Everybody has pressure in their eyes called intraocular pressure (IOP). Some people have a higher level of pressure that can cause damage to the eye and vision loss. Glaucoma is one eye disease for which the main characteristic is an elevated eye pressure. Medications can be used to reduce eye pressure, but some lifestyle changes can be put to good use as well.
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Refrain from drinking beverages that contain caffeine to naturally reduce high levels of eye pressure. The Glaucoma Research Foundation (GRF) indicates that some people who drink caffeinated coffee, tea or soda may experience a temporary rise in their IOP.
Drink water throughout the day, rather than all at once. Eye pressure may rise when you drink large quantities of water (at least 1 quart) within 20 minutes, according to the GRF. People who have glaucoma should especially be mindful of these study results and pace themselves over the course of the day when drinking water.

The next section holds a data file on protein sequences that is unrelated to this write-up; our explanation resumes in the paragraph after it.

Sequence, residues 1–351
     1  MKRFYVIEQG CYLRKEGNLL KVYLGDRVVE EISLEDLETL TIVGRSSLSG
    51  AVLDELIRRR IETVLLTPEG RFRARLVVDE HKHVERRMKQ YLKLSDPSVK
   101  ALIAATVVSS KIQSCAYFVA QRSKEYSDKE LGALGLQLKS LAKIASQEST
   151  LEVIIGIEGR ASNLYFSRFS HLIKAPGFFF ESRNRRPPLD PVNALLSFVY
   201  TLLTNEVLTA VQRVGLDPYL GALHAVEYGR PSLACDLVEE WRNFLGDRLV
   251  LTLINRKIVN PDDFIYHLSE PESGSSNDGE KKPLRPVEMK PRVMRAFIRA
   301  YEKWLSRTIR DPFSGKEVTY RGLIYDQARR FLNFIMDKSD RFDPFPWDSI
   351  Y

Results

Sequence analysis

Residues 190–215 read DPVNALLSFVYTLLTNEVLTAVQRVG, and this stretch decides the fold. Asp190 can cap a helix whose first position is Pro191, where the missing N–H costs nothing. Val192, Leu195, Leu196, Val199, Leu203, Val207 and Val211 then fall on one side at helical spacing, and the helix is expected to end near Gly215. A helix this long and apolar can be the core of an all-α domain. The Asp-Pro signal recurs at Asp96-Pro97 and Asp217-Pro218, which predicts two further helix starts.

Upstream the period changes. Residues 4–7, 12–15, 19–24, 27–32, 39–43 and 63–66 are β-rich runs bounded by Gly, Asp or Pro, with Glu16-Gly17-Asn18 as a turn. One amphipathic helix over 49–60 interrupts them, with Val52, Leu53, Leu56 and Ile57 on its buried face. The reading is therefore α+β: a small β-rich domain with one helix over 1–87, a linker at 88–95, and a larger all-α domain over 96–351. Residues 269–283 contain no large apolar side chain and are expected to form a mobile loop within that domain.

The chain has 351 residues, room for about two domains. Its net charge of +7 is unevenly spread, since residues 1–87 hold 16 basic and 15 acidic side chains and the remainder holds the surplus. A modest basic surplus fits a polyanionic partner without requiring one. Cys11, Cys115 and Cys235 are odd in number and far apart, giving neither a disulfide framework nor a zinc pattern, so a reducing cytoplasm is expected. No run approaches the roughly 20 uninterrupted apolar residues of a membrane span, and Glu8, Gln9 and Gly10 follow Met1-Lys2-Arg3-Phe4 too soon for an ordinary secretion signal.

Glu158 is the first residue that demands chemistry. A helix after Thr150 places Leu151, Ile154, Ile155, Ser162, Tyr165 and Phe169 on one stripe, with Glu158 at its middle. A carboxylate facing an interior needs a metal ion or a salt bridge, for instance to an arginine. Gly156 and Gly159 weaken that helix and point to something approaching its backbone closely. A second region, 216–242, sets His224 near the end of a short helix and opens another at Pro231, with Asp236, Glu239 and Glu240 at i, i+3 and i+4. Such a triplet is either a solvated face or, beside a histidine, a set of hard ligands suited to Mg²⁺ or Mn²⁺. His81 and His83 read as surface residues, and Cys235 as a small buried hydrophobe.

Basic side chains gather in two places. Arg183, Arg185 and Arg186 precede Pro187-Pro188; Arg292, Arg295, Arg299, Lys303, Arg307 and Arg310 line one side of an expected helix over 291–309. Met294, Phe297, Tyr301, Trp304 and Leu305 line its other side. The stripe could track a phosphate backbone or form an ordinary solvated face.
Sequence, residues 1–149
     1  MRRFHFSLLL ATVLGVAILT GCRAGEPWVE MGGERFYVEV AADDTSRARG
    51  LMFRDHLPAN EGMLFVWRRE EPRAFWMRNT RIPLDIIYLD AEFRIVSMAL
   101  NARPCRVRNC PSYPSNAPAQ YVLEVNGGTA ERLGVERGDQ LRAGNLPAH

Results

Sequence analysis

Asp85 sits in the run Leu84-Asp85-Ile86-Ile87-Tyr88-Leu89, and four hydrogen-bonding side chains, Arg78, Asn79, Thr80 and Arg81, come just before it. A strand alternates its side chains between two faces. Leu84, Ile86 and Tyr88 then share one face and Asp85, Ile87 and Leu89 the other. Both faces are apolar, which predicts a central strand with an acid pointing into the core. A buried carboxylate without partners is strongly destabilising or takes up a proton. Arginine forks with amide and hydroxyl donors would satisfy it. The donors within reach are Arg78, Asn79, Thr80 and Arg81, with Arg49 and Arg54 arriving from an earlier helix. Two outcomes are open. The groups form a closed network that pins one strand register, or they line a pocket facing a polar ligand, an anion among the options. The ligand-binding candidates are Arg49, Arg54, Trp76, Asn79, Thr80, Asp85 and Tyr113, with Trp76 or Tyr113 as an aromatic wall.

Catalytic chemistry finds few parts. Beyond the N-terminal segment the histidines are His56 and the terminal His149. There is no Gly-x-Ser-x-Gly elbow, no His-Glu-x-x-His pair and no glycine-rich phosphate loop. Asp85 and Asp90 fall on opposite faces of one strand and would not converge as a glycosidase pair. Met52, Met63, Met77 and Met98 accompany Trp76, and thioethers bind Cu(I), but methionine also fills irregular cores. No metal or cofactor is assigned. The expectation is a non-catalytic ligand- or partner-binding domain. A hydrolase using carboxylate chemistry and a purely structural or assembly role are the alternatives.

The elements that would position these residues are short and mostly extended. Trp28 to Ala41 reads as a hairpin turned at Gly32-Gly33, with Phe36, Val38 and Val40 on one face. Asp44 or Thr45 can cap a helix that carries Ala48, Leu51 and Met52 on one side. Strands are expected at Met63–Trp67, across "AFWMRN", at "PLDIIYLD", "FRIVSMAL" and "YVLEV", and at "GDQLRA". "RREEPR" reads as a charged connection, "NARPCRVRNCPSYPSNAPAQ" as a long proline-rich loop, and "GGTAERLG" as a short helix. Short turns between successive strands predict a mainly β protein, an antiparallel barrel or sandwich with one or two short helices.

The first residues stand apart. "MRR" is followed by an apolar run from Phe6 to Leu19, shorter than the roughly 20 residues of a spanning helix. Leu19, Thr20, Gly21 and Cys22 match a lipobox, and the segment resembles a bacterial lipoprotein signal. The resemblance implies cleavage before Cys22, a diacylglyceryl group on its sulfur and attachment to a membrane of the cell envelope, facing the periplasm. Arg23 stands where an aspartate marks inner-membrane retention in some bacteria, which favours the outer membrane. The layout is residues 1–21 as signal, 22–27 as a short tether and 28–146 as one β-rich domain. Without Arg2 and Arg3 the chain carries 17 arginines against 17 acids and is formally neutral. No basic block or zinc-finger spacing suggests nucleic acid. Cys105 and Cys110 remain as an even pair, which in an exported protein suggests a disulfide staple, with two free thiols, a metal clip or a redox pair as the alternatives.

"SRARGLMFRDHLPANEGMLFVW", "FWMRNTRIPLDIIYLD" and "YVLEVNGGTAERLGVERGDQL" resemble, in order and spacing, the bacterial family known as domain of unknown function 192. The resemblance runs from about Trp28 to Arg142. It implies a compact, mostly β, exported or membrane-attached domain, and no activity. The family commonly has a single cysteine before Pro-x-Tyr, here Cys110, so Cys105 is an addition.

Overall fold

Eat a balanced, nutritious diet that includes antioxidants. Vitamins C, E and A, as well as copper and zinc, are beneficial to eye health and may slow the progession of eye disease, according to the Glaucoma Research Foundation. If you are not getting enough vitamins in your diet, ask your doctor about taking supplements.
Exercise to lower your eye pressure. A brisk walk, jog or bike ride can help regulate eye pressure without medical intervention. Try to exercise several times a week for at least 30 minutes to reap the benefits.
Manage underlying conditions such as diabetes that may contribute to a raised level of eye pressure. Controlling your blood glucose levels through diet and exercise can have a positive effect on your eye pressure and reduces your risk of developing glaucoma and other eye diseases.
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